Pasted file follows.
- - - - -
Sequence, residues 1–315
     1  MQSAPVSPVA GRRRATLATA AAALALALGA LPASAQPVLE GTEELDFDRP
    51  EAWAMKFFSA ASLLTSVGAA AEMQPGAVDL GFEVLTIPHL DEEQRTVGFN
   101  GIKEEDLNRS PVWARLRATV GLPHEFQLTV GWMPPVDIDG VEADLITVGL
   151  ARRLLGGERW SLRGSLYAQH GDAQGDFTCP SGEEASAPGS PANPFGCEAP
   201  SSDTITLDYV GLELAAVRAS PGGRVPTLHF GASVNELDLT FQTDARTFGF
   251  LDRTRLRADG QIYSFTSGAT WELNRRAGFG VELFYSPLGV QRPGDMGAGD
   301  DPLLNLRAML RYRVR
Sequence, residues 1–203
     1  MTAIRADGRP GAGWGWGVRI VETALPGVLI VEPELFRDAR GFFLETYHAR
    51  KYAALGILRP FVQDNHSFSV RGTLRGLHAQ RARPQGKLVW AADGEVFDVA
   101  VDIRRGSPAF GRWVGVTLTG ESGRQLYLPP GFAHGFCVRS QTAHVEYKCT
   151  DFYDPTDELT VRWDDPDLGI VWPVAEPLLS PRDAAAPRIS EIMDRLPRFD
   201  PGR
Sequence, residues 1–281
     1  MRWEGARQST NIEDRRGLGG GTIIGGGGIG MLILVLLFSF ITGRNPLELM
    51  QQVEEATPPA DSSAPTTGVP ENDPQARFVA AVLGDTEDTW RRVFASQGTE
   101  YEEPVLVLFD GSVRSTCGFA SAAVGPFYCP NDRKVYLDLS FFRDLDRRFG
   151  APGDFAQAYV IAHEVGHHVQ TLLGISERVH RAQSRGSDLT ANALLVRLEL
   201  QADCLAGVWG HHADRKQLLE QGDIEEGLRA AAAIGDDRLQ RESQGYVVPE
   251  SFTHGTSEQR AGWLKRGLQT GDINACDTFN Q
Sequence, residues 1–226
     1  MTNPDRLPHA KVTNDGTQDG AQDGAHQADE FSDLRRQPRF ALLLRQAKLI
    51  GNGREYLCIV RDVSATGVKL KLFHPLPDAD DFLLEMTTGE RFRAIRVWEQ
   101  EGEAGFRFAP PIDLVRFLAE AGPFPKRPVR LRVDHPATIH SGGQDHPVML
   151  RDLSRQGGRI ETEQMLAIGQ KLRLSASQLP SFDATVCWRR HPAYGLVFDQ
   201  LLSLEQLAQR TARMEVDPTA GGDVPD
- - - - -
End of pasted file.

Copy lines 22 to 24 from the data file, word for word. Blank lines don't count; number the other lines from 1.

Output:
Sequence, residues 1–226
     1  MTNPDRLPHA KVTNDGTQDG AQDGAHQADE FSDLRRQPRF ALLLRQAKLI
    51  GNGREYLCIV RDVSATGVKL KLFHPLPDAD DFLLEMTTGE RFRAIRVWEQ